iStock/Thinkstock(ANNAPOLIS, Md.) — When a gunman stormed into the newsroom of the local Capital Gazette newspaper, intern Anthony Messenger made his first-ever call to 911. The college senior continued to call for help as shots were being fired — but couldn’t speak into the phone.“I thought we were going to die,” he told ABC News. Messenger then passed his phone to his co-worker Selene San Felice so she could call her family, he said. Once she reached her mother, she tweeted from Messenger’s account: “Active shooter 888 Bestgate please help us.” “Selene deserves all the credit for the tweet,” Messenger told ABC News Friday, one day after five of his colleagues were gunned down in the Annapolis, Maryland, building. Phil Davis, a crime and courts reporter with the Gazette, was tweeting, too.“There is nothing more terrifying than hearing multiple people get shot while you’re under your desk and then hear the gunman reload,” Davis tweeted after the shooting. The alleged shooter, Jarrod Ramos, tried to hide under a desk until police quickly responded and took him into custody, according to court documents. He has been charged with five counts of first-degree murder. Messenger, a rising senior at Salisbury University in Maryland, said loved ones checked in on him during and after the shooting.“I am deeply appreciative of the well wishes,” Messenger tweeted later. “My thoughts and prayers go out to my colleagues and their families.” Maryland Gov. Larry Hogan said he is “praying for the victims, those who were injured, and their families, friends, and loved ones in this time of tragedy.”“The Capital Gazette is my hometown paper, and I have the greatest respect for the fine journalists, and all the men and women, who work there,” Hogan said in a statement. “They serve each day to shine light on the world around us so that we might see with more clarity and greater understanding.”Hogan has ordered Maryland flags to be lowered to half-staff in honor of the five victims.Copyright © 2018, ABC Radio. All rights reserved.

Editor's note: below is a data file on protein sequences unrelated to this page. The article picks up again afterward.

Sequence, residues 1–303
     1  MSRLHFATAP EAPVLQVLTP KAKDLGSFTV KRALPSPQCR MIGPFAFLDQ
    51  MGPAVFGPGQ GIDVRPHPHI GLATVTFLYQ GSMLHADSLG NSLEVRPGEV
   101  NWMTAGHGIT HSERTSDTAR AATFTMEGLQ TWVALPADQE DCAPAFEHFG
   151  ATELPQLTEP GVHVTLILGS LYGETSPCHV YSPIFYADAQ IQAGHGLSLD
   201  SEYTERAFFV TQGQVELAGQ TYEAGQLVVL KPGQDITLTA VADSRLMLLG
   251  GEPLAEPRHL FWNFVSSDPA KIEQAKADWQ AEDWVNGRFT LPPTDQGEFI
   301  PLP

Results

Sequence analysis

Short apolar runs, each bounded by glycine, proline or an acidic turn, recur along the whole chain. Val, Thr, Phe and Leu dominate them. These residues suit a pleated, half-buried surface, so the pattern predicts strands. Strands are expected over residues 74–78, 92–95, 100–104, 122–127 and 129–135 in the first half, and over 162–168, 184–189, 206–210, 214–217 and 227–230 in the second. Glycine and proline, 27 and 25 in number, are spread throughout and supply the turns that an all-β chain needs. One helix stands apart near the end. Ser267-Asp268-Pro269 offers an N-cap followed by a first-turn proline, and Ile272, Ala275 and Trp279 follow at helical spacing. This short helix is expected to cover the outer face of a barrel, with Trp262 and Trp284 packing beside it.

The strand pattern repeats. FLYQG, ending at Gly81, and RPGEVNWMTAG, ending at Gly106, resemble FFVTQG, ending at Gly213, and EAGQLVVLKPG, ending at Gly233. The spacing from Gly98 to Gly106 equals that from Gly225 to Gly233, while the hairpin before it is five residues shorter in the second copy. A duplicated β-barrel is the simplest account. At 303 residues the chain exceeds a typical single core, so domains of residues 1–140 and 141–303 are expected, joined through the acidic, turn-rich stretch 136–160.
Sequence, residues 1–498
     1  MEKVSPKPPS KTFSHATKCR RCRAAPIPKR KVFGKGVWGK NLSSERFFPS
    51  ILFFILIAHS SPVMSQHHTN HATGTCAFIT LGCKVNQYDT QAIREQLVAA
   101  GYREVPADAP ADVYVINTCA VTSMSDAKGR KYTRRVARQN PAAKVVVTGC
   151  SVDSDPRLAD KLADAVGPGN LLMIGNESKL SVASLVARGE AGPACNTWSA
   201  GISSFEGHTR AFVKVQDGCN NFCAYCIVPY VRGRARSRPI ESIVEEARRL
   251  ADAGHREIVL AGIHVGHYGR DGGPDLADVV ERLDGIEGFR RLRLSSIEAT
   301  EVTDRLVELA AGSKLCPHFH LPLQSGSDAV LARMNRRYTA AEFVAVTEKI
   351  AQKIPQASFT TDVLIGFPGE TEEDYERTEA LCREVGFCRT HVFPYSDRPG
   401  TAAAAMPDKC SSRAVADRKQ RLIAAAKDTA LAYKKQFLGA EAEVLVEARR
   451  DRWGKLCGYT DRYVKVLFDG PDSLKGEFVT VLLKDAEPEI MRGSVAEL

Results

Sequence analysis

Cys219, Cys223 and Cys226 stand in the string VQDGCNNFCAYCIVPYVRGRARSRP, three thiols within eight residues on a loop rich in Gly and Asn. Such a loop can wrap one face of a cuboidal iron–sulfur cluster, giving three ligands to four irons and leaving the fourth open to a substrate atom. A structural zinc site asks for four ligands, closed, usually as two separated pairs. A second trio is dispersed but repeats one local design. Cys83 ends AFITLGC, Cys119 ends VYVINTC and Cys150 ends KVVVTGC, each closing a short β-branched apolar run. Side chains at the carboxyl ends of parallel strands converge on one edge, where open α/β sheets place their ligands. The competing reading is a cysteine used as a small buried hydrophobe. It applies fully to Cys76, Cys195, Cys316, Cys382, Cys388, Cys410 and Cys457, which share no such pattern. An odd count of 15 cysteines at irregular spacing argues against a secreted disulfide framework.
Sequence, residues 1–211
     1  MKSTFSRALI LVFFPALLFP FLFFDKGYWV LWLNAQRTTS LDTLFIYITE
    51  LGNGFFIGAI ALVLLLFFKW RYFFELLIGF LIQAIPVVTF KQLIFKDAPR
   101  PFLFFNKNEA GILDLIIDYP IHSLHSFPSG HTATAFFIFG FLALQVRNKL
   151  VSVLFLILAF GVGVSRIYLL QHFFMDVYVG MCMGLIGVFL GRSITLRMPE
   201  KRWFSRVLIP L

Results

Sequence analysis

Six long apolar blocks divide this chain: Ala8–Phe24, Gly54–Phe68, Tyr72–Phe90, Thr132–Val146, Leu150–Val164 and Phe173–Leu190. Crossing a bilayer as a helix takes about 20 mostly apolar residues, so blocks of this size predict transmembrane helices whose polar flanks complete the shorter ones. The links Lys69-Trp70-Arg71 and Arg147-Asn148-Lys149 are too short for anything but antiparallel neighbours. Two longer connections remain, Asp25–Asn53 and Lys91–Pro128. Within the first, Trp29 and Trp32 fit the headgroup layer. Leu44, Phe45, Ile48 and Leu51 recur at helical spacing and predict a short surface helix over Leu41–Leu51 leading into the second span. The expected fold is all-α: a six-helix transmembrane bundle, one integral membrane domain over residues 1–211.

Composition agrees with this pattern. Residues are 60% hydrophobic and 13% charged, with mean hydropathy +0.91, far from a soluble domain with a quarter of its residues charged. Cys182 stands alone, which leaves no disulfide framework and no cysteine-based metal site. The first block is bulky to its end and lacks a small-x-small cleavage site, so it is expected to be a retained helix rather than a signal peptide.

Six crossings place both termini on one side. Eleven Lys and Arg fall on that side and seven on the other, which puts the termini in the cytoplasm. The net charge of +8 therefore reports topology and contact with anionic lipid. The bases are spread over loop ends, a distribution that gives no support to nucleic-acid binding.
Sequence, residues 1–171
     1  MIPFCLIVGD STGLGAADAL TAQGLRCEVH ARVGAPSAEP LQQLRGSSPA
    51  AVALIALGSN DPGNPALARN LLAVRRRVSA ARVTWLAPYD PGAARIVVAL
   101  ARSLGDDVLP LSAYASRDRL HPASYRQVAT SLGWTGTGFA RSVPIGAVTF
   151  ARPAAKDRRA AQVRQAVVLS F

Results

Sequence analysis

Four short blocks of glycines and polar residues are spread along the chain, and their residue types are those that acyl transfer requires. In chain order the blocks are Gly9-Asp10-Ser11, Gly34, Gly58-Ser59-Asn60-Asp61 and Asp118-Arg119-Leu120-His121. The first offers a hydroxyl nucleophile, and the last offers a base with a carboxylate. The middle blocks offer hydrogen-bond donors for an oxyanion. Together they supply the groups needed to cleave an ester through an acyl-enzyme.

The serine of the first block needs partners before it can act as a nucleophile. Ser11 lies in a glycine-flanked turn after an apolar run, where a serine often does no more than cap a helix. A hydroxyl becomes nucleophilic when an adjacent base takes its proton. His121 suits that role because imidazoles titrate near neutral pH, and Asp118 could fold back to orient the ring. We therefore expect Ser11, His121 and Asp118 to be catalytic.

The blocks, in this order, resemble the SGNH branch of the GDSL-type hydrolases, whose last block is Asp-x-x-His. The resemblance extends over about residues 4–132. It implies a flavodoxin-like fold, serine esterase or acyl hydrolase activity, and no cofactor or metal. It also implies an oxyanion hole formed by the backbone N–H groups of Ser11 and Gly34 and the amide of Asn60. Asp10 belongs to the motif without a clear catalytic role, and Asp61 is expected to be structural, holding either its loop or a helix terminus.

KATV(LITTLE ROCK, Arkansas) — A man from Arkansas celebrated his birthday with a gift not for himself, but a stranger.Gerald Ezell donated a kidney to 18-year-old Sidney Burnett, who is from Missouri, after seeing a Facebook post that said she was in need and he turned out to be a match.“I just felt like God was saying, ‘Hey, this is you. Step across that line,’” Ezell told ABC Little Rock affiliate KATV.Ezell, who serves as the Maumelle Fire Department chief in Arkansas, had the surgery four days before his birthday, according to a Facebook post from the fire department.Burnett told KATV that she was blown away by Ezell’s generosity.“For so long, I couldn’t understand why he would do that. I was just so shocked that my donor was someone that had never even met me, but I’m so grateful for him,” she said. “He literally gave me my life back.”Both he and Burnett are on the mend, with her kidney function going from less than 3% to more than 80%, the fire department said. Ezell hopes his story will encourage others to consider donating a kidney if they’re a match.“It’s a little bit of pain for the person that’s donating, but man, the smile on Sidney’s face made it more than worth it to me,” he said.Copyright © 2019, ABC Radio. All rights reserved.